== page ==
The Andy Warhol decision
In a landmark ruling last Thursday, the U.S. Supreme Court upheld that Andy Warhol's portraits of music legend Prince were not protected under copyright's fair use doctrine. The ruling affirms a decision made by the Second Circuit and concludes that Warhol's work shared the same commercial intent as the original photograph of Prince.
In a 7-2 verdict, the Supreme Court agreed with photographer Lynn Goldsmith's claim that Warhol's "Orange Prince" was not a fair use of her copyrighted photograph of Prince. Consequently, the court maintained the circuit court's ruling that Warhol's artwork was an infringing derivative of the original.
The Andy Warhol Foundation had defended Warhol's artwork, arguing it was "transformative" of Goldsmith's work as it provided the image with "new meaning."
I agree with the majority's opinion here (with caution); while Warhol's renditions of Goldsmith's images of Prince are striking, they don't appear to be transformative enough to be deemed fair use. Although I can't comment on Warhol's subjective interpretation or that of each individual viewer, it's crucial to set a high bar to safeguard the rights of photographers while encouraging innovation.
An additional consideration is the commercial use of both images. Both Goldsmith's photograph and Warhol's derivative were used to sell magazines. "As portraits of Prince used to depict Prince in magazine stories about Prince, the original photograph and [the Andy Warhol Foundation's] copying use of it share substantially the same purpose," Justice Sonia Sotomayor wrote for the majority, highlighting that both uses were commercial.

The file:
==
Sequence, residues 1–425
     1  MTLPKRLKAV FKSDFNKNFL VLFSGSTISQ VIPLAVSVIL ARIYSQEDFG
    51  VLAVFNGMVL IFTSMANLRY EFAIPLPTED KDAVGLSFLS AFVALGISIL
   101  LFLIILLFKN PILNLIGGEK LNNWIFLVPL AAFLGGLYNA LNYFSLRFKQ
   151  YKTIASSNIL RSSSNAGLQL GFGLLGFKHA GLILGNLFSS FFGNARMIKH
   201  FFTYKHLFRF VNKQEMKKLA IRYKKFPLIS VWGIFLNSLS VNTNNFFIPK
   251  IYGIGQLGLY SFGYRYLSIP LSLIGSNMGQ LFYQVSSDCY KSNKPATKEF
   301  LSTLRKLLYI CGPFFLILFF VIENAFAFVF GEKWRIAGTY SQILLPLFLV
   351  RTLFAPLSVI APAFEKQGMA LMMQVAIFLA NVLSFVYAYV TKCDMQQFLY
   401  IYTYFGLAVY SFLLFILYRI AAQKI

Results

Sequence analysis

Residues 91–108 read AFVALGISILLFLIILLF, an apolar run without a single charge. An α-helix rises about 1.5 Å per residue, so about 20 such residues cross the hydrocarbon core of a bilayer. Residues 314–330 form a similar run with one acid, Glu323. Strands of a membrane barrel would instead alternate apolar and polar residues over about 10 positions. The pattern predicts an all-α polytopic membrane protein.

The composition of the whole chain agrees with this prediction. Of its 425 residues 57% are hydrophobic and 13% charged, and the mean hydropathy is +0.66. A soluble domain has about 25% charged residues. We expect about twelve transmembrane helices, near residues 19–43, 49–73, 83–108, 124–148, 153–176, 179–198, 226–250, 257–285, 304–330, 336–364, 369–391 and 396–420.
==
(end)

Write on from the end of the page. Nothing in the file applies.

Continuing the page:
Justice Elena Kagan and Chief Justice John Roberts, who disagreed with the majority, expressed their concern over the ruling's implications for other artists. They argued that Warhol's work had creatively deviated from Goldsmith's photo. Justice Kagan questioned, "If Warhol does not get credit for transformative copying, who will?" She further warned that the ruling could adversely affect lesser-known artists who cannot benefit from fair use.
I appreciate Justice Kagan's concerns as Andy Warhol was often seen as an exemplar of transformative fair use. This decision certainly tightens the restrictions on derivative works in the future. However, in their concurrence, Justices Brown and Gorchich tried to minimize the decision’s potential implications by restricting it to this specific case, not to all of Warhol's works.
This ruling may prompt artists to seek licensing agreements before investing significant time and resources into works that might not meet this revised standard of transformative fair use. This could shape the landscape of artistic innovation and intellectual property rights in the years to come.